There are two well established clinically proven treatment options :-

 

Mandibular Advancement Splints (generic name)

Mandibular Advancement Splints (MAS) are customised devices made for each patient to be worn at night time.

The Sleepwell â„¢ MAS is clinically proven to work and offers maximum comfort, retention and full patient adjustability.

Continuous Positive Airway Pressure – CPAP

CPAP is the gold standard for sufferers of severe Obstructive Sleep Apnoea, CPAP is not recommended for the treatment of simple snoring.

 

Intra-oral appliances

 

Mandibular advancement splints (MAS)

The MAS is by far the most common form of intra-oral appliance used in the management of SBD (Schmidt-Nowara et al., 1995; Johal and Battagel, 2001). There is considerable variation in the design of MAS, but all posture the mandible forwards, to a varying extent, with a degree of vertical opening. Sleepwell â„¢ is the most clinically proven and effective.

Nasal continuous positive airway pressure (N-CPAP)

N-CPAP is regarded as the major non-surgical, long-term treatment; the so-called 'gold standard'. Described by Sullivan et al. (1981), N-CPAP delivers a continuous stream of filtered air under low pressure (5 to 15cm H2O) through a nasal mask to the pharynx. N-CPAP acts as a pneumatic splint, by raising the intra-luminal pressure in the upper airways, preventing them from collapsing regardless of the subjectÍs position, but not enough to prevent expiration. All subjects undergo full polysomnographic studies in order for N-CPAP titration to be performed, to ensure that the pressure used is sufficient for maintaining airway patency and preventing apnoea in all sleep stages and postures. Most patients require lifelong treatment and to be reliably effective, N-CPAP should be used for 4 to 6 hours per night, 7 days a week (Engleman et al., 1998). The reported benefits of N-CPAP are: improved quality of life (Sanner et al., 2000); improved daytime cognitive function (Borak et al., 1996); elimination of snoring, and other night-time symptoms and reversal of daytime symptoms, in particular, sleepiness (Kiely et al., 1999) and reduced risk of road traffic accidents (Hack et al., 2000); long-term improvement in survival rates near to those of the general population (Chaouat et al., 1999). In addition, many of the beneficial effects have been shown to continue over the longer-term (Jenkinson et al., 2001). N-CPAP is the treatment for OSA with the firmest evidence base (Wright et al., 2002). However, randomised controlled trials of treatment for mild OSA do not support reduced objective sleepiness after N-CPAP and thus this should be reserved as a first line choice of therapy for those with moderate or severe OSA (Jenkinson et al., 1999; Barbe et al., 2001).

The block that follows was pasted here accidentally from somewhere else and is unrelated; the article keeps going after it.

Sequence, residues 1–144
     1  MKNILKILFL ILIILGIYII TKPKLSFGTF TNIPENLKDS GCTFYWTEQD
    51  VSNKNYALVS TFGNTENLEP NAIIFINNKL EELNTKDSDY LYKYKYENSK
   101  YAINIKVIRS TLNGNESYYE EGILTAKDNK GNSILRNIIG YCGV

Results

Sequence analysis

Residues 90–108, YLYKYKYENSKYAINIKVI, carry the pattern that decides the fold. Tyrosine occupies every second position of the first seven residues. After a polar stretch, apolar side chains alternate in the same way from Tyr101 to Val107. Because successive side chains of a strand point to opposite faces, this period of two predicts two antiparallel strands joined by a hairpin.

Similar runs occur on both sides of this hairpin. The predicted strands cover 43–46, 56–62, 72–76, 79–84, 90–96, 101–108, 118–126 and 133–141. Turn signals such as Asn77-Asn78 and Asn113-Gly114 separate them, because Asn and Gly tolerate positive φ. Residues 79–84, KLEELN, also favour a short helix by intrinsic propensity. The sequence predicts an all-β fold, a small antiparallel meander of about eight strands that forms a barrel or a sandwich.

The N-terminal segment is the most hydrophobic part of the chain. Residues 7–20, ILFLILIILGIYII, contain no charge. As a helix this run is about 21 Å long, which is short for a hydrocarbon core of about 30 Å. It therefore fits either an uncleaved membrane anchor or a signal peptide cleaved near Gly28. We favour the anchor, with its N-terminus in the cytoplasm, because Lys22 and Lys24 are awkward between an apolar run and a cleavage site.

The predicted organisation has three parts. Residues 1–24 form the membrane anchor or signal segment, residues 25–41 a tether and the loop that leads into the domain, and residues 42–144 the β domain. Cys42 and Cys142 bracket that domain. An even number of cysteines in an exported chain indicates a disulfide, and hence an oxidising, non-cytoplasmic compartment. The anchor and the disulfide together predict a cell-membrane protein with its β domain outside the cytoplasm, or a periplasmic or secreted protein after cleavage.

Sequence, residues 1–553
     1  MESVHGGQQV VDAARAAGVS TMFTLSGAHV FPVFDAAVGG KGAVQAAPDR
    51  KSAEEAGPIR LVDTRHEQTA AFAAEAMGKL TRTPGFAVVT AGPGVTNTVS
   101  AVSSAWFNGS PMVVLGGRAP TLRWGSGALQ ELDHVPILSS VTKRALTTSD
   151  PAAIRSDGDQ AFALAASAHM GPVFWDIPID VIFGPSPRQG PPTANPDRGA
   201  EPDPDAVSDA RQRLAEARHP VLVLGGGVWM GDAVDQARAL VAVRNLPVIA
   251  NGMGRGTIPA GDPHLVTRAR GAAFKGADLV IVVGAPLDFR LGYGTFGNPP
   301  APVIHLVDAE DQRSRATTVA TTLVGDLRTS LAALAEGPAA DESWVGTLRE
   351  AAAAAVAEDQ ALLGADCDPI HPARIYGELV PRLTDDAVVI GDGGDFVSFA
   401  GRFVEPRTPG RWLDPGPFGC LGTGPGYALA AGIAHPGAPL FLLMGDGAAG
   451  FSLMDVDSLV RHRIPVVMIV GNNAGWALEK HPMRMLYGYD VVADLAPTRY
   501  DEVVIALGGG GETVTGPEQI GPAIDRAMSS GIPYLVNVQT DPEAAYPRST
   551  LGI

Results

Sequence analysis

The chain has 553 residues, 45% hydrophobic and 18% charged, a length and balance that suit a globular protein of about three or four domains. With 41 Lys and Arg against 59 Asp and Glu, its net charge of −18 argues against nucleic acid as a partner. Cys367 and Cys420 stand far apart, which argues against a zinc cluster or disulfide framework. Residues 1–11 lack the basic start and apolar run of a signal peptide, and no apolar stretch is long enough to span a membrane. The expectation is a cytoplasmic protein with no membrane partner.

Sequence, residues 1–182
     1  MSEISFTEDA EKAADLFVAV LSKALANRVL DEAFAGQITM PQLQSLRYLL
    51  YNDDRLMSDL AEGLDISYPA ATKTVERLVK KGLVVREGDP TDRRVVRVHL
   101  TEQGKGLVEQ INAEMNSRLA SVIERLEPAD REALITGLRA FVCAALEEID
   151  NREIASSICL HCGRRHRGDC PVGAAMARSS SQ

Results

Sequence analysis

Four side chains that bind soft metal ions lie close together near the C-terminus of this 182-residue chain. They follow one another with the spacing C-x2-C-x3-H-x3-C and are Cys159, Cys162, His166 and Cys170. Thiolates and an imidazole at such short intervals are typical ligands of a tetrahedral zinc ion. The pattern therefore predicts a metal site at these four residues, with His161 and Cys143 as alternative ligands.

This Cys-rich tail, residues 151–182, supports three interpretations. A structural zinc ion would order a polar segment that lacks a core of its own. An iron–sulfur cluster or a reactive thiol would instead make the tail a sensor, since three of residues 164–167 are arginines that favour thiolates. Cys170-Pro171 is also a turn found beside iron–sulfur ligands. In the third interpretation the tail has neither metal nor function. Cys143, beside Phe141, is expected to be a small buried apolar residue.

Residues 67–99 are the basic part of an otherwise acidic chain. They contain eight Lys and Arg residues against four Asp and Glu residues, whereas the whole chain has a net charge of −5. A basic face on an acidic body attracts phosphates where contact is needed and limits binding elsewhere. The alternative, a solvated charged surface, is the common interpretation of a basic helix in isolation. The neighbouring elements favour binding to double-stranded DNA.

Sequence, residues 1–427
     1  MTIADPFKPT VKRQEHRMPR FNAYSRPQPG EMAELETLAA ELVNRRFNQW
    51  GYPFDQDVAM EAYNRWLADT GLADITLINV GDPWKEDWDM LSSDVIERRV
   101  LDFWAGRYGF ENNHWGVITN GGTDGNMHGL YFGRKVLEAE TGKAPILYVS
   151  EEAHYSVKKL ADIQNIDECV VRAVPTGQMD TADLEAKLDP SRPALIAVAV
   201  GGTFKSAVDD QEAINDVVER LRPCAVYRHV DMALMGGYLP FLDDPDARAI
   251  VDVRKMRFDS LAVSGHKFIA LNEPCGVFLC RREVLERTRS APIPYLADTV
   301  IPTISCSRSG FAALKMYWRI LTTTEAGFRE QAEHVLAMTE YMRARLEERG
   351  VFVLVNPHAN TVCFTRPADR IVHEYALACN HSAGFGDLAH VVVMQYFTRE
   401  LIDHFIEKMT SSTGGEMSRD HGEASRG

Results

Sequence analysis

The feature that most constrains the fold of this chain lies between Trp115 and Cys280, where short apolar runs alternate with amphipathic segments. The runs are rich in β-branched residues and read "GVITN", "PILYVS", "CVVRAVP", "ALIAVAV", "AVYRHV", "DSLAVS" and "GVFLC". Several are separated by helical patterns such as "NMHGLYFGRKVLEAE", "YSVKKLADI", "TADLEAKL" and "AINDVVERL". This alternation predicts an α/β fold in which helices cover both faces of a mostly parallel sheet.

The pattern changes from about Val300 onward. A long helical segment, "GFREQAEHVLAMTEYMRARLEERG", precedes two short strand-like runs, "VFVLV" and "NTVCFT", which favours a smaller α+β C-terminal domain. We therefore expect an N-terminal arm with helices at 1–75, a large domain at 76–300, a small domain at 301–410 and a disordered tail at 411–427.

However, the use of N-CPAP is not without its problems: long-term compliance has been estimated at between 60 to 95 per cent, with intensive efforts (Engleman et al., 1998; McCardle et al., 1999); problems are often encountered with the nasal mask (Pepin et al., 1995); the face mask is considered anti-social and the machine noisy (Engleman et al., 1998). In an attempt to overcome some of the problems with N-CPAP, auto-titrating devices have been developed which raise pressure if they detect upper airway narrowing or obstruction and, conversely, lower pressure if the airway is not obstructed (Lloberes et al., 1996). However, they are more expensive than conventional N-CPAP machines and, as yet, there is no convincing evidence that they produce better outcomes in managing OSA over the long-term.

Elimination of aggravating factors